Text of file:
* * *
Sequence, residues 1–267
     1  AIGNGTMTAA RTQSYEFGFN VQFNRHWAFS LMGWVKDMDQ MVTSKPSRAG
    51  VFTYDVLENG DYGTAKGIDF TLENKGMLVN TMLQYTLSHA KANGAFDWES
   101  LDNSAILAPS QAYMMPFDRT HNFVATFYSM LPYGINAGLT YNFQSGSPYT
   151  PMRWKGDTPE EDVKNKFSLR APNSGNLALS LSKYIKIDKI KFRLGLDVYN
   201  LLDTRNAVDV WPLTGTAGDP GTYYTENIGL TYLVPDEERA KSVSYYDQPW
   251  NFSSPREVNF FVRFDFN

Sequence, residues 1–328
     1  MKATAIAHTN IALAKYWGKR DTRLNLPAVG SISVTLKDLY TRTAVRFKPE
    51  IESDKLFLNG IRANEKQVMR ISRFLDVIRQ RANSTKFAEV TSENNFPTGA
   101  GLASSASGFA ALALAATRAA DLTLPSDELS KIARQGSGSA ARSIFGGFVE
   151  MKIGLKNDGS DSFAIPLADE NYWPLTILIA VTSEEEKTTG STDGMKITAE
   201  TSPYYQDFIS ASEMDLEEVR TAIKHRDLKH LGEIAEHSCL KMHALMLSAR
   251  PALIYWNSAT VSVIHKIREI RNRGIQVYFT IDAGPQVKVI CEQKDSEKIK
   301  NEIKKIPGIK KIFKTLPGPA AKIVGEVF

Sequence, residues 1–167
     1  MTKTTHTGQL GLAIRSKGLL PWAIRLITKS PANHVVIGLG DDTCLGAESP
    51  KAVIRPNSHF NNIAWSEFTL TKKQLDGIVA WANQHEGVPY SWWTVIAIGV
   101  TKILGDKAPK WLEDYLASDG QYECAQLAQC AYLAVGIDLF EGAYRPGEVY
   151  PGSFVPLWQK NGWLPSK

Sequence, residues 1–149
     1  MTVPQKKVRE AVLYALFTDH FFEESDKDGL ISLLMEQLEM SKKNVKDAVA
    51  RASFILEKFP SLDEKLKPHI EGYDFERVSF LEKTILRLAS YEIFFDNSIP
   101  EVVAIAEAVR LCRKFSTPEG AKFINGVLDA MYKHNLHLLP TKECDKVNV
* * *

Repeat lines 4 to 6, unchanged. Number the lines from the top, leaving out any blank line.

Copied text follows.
   101  LDNSAILAPS QAYMMPFDRT HNFVATFYSM LPYGINAGLT YNFQSGSPYT
   151  PMRWKGDTPE EDVKNKFSLR APNSGNLALS LSKYIKIDKI KFRLGLDVYN
   201  LLDTRNAVDV WPLTGTAGDP GTYYTENIGL TYLVPDEERA KSVSYYDQPW